At first it was just a game, but it was launched for the best of reasons. Back in 1900 Frank Chapman—editor of Bird-Lore, the precursor to what would eventually become Audubon magazine—suggested a new Yuletide recreation. He wanted to replace the old “side hunt,” in which teams of Christmas revelers had gone out with guns to see which side could bring back the biggest pile of dead birds and other animals. Chapman’s suggestion? Go out with keen eyes and a notebook instead, and see who could count the most birds in their native habitat.
The “side hunt” has faded away, but Chapman’s little alternative has grown and grown. In December 1900 only 27 people went out to count birds, at 25 sites, mostly in the northeastern states. This winter an estimated 60,000 people in the United States, Canada, and elsewhere in the Western Hemisphere will take part in the 112th annual Audubon Christmas Bird Count (CBC). From Alaska to Antarctica, between December 14 and January 5, within count circles registered in advance with Audubon, teams of birders will take to the field for fun, for tradition, and for science.
I was 10 in 1965, when I took part in my own first CBC, with the Wichita Audubon Society. I caught that “spirit of wholesome competition” that Frank Chapman had invoked back in 1901. Each modern CBC occupies a circle with a 15-mile diameter, too large an area for one group to cover, so Wichita Audubon had divided its circle among several teams. When we all got together in the evening to compile our totals, it was great fun to compare notes: Which team had recorded the most horned larks? The most red-tailed hawks? The rarest bird? Then we would wait to hear whether Wichita had listed more species than other Kansas counts, such as Topeka or Lawrence. But despite this competitive urge, it was obvious that no one was excluded, and that a total beginner would be welcomed along for the fun of the count.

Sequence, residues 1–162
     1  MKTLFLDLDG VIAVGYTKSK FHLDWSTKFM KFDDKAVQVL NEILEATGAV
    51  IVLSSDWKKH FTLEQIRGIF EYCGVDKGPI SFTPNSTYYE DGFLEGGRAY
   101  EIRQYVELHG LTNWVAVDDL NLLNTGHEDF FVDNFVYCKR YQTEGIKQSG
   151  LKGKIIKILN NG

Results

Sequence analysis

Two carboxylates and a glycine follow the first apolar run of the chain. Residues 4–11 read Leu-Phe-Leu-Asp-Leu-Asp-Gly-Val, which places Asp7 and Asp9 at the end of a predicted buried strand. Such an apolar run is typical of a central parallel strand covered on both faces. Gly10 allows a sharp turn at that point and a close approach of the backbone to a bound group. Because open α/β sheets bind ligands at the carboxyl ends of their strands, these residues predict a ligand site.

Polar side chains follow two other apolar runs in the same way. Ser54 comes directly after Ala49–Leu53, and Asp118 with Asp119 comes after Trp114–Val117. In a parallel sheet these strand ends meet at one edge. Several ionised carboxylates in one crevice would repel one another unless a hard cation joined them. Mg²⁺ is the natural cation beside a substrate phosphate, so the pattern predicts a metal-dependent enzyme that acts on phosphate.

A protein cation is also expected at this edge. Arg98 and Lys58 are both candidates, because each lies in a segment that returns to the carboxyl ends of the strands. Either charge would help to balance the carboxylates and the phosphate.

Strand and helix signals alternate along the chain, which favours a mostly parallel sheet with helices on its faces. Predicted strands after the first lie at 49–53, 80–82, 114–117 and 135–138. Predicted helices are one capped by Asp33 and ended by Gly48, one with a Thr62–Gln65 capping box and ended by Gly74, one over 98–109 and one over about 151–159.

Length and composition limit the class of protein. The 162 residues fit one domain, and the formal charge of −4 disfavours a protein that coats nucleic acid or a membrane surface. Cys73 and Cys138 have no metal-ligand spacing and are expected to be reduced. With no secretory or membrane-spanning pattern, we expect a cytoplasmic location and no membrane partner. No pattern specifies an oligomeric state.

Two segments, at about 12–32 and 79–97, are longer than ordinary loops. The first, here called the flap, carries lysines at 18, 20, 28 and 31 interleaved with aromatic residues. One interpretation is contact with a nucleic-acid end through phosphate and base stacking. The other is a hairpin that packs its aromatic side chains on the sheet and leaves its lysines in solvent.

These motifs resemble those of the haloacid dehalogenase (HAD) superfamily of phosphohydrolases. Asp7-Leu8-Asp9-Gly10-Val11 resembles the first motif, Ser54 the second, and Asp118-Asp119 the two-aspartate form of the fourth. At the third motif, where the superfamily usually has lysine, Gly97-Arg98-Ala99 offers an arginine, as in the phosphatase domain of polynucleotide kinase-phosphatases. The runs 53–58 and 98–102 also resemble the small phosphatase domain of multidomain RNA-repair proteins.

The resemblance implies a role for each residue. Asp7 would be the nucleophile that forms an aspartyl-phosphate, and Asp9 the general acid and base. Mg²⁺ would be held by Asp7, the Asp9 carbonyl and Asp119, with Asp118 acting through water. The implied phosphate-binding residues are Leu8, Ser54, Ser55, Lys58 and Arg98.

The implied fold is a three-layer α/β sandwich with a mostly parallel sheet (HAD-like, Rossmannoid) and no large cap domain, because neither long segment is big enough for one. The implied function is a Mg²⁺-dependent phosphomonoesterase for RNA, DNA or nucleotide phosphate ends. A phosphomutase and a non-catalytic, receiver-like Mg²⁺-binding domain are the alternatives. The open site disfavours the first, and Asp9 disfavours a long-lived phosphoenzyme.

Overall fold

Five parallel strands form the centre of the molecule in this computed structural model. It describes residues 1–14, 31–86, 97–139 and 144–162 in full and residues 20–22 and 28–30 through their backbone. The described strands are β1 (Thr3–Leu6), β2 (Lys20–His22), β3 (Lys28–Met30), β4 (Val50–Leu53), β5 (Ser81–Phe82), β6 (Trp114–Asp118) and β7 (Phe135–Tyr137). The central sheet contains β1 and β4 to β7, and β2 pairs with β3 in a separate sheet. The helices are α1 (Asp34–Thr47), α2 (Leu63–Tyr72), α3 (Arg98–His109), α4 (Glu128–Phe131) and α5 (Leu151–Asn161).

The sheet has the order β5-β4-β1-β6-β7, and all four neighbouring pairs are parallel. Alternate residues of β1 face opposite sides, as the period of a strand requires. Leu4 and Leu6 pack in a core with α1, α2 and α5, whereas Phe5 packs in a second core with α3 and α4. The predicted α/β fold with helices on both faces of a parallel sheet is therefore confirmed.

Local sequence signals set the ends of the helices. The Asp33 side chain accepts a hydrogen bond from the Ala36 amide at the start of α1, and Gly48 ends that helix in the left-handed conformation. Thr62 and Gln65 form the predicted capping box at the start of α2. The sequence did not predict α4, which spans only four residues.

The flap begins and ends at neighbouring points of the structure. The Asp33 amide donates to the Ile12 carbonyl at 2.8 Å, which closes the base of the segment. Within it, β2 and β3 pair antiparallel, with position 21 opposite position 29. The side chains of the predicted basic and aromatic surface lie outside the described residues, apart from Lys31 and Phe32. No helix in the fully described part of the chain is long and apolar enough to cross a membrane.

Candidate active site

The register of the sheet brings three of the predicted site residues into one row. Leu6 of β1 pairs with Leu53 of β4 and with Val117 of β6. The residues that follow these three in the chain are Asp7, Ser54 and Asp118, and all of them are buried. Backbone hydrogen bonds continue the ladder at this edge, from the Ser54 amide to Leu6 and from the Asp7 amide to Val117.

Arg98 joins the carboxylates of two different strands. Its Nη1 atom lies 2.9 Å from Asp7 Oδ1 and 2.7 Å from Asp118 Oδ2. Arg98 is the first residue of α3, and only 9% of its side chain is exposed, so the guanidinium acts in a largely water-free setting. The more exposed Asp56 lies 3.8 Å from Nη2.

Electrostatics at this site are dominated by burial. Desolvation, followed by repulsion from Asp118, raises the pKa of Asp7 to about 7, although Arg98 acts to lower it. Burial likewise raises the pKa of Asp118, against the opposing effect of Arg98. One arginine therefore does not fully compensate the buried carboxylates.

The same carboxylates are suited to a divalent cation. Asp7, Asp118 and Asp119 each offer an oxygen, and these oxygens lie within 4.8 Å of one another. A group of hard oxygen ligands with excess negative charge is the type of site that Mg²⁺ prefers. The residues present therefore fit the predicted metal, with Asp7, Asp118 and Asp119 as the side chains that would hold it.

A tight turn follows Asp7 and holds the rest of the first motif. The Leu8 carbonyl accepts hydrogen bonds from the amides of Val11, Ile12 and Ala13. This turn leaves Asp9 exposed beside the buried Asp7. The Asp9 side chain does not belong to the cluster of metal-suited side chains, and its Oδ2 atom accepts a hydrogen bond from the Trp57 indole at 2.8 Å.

Underlying the sense of adventure there has always been a sense of purpose. The good people of Wichita Audubon impressed that upon me during my first CBC. It was exciting to find a rare white-winged junco but just as important to keep a faithful count of the other juncos—not to see whether we could tally more than other teams but to have an accurate gauge of how junco populations were faring. We were on the front lines of tracking the status of common birds. Those numbers meant something.
The modern effort has come a long way since the era when two dozen scattered counters mailed in handwritten lists. Today CBC results, stretching back to the count’s inception, have been computerized, and this massive database can be analyzed to track shifts in distribution, seasonal irruptions of nomadic birds, and large-scale population changes. When combined with breeding bird surveys, the effort provides a powerful tool, providing early warning when a species begins to decline. Frank Chapman’s little holiday game has matured into a major force for science and conservation, and it’s still as exciting and enlightening 112 years later. Learn more here.
2012 Update: Support the Christmas Bird Count
This December Audubon removed the mandatory participation fee that previously funded the CBC and replaced it with a voluntary donation system. Now your contributions are more important than ever to maintain the count, tell you about the results, and to take conservation action.